1. Collagen Preparation and Filter Coating.

  1. To prepare human placental collagen, tweeze out 30 mg of human placental collagen and put on top of 50 ml of distilled water (dH2O) in a 500 ml beaker with stir bar.
  2. Add 100 μls of glacial acetic acid directly onto collagen to make it easier to dissolve. Warm to 37°C and stir it to dissolve the collagen. It should dissolve in 20-30 minutes. If collagen strands remain in solution, filter sterilization will be difficult.
  3. Dilute the 50 ml stock with 450 ml of dH2O and filter-sterilize with a 0.2 μm membrane. This is the final working solution. Store at 4°C.
  4. Prepare Transwell filter membranes by coating them with collagen (50-100 μl) overnight. Chilled collagen must be warmed to RT and then added to the upper compartment to cover the membrane overnight and at RT. Before plating the dissociated primary fallopian tube (FT) epithelium (see below) onto the Transwell filters, wash the filters three times in 1X phosphate buffered saline (PBS) at least 1 hour before use to remove excess collagen.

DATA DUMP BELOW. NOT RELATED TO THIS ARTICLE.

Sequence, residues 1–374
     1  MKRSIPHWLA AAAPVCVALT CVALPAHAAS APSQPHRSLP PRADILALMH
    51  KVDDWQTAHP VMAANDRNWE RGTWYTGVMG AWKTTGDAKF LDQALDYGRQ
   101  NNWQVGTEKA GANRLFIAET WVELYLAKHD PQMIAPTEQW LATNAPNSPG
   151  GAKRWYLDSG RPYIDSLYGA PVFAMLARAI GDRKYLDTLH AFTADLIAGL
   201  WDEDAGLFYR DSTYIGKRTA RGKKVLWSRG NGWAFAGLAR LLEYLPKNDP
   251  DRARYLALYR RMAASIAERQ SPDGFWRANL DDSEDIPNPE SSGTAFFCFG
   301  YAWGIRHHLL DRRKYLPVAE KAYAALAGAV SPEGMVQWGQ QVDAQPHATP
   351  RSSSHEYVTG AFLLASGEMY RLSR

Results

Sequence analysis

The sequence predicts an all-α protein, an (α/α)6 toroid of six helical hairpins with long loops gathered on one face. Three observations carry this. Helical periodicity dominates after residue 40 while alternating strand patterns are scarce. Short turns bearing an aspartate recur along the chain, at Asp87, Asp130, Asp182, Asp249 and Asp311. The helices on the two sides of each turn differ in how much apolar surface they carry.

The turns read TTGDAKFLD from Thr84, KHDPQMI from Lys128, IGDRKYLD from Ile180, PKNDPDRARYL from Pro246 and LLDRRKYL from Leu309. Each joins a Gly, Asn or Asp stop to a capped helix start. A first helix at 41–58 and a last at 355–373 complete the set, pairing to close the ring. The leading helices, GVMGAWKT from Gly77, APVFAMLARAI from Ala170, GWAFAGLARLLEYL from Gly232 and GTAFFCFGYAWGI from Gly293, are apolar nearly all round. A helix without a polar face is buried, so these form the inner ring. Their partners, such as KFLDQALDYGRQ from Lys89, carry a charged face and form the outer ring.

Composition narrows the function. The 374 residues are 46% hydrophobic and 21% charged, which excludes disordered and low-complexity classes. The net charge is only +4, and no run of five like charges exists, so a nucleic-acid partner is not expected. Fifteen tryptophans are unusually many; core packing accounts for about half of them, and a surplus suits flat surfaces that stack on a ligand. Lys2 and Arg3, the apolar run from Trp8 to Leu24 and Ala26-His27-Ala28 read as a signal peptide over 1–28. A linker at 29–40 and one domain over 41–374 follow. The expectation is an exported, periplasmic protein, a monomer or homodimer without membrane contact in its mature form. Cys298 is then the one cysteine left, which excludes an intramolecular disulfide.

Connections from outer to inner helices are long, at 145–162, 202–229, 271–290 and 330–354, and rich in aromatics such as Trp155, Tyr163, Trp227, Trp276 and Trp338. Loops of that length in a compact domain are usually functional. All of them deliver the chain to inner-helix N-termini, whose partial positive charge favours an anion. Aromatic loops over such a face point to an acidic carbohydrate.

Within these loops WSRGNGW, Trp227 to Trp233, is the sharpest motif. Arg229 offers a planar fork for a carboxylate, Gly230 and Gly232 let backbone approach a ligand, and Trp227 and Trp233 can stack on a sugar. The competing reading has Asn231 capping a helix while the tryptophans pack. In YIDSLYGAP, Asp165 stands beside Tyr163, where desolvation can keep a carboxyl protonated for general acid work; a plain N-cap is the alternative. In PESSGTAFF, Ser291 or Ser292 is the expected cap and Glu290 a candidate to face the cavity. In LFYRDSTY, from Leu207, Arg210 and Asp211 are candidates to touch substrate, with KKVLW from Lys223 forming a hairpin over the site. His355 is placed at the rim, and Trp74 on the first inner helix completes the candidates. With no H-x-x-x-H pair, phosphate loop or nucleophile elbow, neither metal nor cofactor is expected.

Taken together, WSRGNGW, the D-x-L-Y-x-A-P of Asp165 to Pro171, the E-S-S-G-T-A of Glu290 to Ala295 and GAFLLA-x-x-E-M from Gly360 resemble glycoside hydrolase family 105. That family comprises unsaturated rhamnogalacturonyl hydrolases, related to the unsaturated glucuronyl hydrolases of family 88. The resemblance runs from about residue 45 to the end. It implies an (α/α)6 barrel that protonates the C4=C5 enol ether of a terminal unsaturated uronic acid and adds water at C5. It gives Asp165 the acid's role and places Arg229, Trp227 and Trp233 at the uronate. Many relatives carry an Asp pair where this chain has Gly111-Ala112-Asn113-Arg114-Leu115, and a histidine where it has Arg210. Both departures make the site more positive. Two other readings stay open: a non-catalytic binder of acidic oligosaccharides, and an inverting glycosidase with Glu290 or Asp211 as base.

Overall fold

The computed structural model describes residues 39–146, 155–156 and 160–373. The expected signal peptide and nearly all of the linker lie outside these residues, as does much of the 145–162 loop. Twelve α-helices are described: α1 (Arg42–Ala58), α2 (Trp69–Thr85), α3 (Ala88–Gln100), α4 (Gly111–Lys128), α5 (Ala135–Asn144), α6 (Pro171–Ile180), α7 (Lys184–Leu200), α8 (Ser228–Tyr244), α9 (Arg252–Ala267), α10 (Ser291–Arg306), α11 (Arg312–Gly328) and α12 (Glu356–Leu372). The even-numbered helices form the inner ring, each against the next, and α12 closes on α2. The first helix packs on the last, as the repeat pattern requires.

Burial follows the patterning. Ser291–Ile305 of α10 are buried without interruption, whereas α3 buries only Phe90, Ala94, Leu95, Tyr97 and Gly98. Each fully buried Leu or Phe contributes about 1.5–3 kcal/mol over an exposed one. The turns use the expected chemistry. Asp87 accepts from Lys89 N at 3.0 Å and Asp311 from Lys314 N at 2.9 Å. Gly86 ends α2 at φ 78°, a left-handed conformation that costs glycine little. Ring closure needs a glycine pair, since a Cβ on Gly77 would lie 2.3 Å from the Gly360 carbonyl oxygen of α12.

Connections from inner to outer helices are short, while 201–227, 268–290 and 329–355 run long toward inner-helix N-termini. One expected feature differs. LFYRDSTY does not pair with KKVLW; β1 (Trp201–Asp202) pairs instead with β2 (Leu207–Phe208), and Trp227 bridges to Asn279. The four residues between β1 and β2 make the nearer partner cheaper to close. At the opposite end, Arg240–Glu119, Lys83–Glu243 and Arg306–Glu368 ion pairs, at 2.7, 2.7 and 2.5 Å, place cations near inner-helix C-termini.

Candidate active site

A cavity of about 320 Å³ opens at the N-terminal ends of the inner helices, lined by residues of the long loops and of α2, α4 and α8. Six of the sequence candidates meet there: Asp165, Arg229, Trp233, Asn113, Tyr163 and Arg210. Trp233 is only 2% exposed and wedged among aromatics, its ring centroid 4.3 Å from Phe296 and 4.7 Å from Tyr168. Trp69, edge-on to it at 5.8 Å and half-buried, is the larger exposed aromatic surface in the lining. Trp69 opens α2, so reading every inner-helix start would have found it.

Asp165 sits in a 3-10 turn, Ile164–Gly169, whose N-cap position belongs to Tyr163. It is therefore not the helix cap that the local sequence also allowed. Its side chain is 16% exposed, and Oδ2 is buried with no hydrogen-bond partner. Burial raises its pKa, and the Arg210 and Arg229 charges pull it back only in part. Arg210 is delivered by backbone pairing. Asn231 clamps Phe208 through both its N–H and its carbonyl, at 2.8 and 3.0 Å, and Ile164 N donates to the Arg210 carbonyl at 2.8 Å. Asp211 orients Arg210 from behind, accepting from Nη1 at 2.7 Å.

2. Tissue Collection and Dissociation.

  1. Fresh fallopian tube (FT) fimbria should be collected in sterile 1X PBS in a 50 ml centrifuge tube and kept on ice prior to prompt processing in a sterile tissue culture hood.
  2. Wash the tissue sample once in 20 ml chilled 1X PBS (if sample has been collected in another type of media or is bloody wash at least 3X to get rid of as much blood and foreign media as possible as this might interfere with plating efficiency).
  3. Using sterile tweezers transfer FT to a 10 cm tissue culture dish with a little PBS and, using a sterile scalpel and sterile tweezers, cut longitudinally to maximize the exposure of the epithelial cells. Open up the fimbria so that it is no longer a tube but an almost flat sheet of tissue. Then cut into smaller but still retrievable pieces (about 3 mm in diameter).